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Group: Woody Spicy
I like spicy fragrances and will test and wear whatever I can get my hands on whether or not it is marketed towards men or women so I picked up Viktor & Rolf's recently released male counterpart of Flowerbomb, baptised Spicebomb.
The packaging is certainly modern and young. The shiny metallic grey and black box houses a bottle shaped as a hand grenade that looks heavy, masculine and quite frankly uber macho.
Top notes: bergamot, lemon, pink pepper, elemi
Well, the composition opens up in a rather undecisive, let alone masculine way as if it had no idea where it is going. The fleeting and ever changing notes I'm getting are sharp and citrusy at first, bland and washing powder clean musky later on, then ever so lightly spiced. There's a definite but fleeting resemblance to Si Lolita equally exploiting the peppery, citrusy elemis note to a weaker degree and in a less well-done manner. Altogether, a not at all promising start with a wishy-washy accord that has the distinct 'dozens of colognes floating in the air in a perfume store' kind of feel.
Middle notes: saffron, cinnamon, paprika
About 10 minutes later, the fragrance finally settles on a relatively sweet and spicy mix. I find it hard to pinpoint exactly what it resembles so non-descript and generic it feels. Some time on I detect a distinct scent of marzipan, like marzipan cake, sweet, almondy, slightly vanillic with a touch of peppery spice. The accord isn't dense or tenacious however it diffuses well during a couple of hours of wear.
Base notes: vetiver, tobacco, leather
The base notes start coming through on my skin in a mere three hours with a blend of mainly vanilla and a sweet, aromatic pipe tobacco note with a hint of hay and spice. I was about to discard Spicebomb as an uninteresting, generic marzipan fragrance when the connection with Tobacco Vanille became obvious and due to the resemblance I actually started appreciating the fragrance. The rich, authentic and almost syrupy, decadent Tobacco Vanille is obviously of superior quality and better blended than here so to compare the two would be like comparing a baby walker to a Rolls Royce. That aside, it was a nice and unexpected surprise only mitigated by the inferior quality and weaker blending in Spicebomb. The staying power was moderate for a men's eau de toilette lasting in total for 6 - 7 hours close to the skin.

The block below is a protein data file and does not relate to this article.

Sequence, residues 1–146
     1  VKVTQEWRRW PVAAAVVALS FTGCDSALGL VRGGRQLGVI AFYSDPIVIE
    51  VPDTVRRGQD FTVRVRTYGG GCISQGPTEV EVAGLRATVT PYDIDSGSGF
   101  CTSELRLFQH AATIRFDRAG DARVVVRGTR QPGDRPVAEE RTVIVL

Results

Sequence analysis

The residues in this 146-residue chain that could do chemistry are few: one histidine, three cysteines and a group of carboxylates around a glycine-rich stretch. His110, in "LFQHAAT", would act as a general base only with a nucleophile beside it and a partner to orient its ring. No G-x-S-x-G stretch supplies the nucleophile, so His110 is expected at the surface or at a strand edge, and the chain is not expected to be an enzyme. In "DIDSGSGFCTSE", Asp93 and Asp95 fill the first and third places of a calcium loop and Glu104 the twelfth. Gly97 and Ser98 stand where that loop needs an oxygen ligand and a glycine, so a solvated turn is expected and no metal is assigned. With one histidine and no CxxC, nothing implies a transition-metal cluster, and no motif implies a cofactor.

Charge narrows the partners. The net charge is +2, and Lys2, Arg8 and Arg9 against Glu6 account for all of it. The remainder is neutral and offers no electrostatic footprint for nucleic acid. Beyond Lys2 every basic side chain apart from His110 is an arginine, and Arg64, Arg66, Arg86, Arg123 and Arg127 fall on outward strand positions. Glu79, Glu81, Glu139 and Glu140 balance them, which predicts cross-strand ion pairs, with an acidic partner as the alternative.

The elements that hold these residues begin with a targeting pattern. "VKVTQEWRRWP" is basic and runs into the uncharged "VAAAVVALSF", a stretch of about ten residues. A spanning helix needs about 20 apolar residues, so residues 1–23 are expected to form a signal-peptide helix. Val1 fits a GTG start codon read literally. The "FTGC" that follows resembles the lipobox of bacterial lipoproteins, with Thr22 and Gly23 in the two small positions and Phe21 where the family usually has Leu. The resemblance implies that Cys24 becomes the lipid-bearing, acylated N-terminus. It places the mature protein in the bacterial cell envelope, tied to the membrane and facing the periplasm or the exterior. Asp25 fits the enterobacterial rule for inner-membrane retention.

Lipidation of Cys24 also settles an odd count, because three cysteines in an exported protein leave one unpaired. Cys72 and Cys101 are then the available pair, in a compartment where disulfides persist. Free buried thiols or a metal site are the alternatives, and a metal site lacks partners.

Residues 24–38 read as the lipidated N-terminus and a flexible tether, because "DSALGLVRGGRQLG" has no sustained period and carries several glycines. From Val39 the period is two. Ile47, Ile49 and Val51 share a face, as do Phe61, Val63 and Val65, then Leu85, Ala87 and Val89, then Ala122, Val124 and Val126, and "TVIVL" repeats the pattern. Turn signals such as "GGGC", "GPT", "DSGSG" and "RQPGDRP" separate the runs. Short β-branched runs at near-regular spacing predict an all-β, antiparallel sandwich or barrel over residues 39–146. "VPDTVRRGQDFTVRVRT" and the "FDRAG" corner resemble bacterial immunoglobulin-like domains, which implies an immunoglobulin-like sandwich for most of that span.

There's no denying that Spicebomb is synthetic, boring and fairly banal to be honest. Like most mass-marketed fragrances, it doesn't have a convincing idea behind it, so it doesn't know that it's supposed to be or do, apart from wanting to please the masses. It tries too hard to be something special which it isn't and a juxtaposition of a random number of notes makes it confused, pointless and lacking harmony.
It would suit both genders fine due to its sweet and spicy allure, however, it does not have the staying power that the rich, sweet and gourmand notes would suggest. It's only saving grace is the fact that its drydown is a fairly convincing dupe for Tobacco Vanille, one of Tom Ford's masterpieces I love in his exclusive line. To get an idea, I reviewed it a while ago. Whether or not it's an intended copy, it just makes Spicebomb all the less original and less authentic in my eyes.
The composition definitely fits the gourmand, unisex trend and joins the hordes of no-brainer, synthetic sweet chewing-gum scents for young man / women without a hint of originality, quality or artistic expression. It doesn't live up to its name either but stays safe, generic and a crowd-pleaser without any creative merits. As a drugstore brand Spicebomb wouldn't be bad at all but an expensive designer house like Viktor & Rolf could have really come up with something better.
PRICE AND AVAILABILITY
The RRP for this relatively new release is around £42 - 47.00 / 50ml Eau de Toilette. The 90ml edition costs between £62 and £75.
©powered by lillybee posted on both dooyoo.co.uk and ciao.co.uk websites
Viktor and Rolf's Spicebomb is a highly addictive explosion of spices, built on a balmy, woody vetiver trail. Based around strong olfactory contrasts and presented in a luxurious yet muscular grenade-shaped bottle, this fragrance is simultaneously both rough and refined. The appeal is that it can be many things.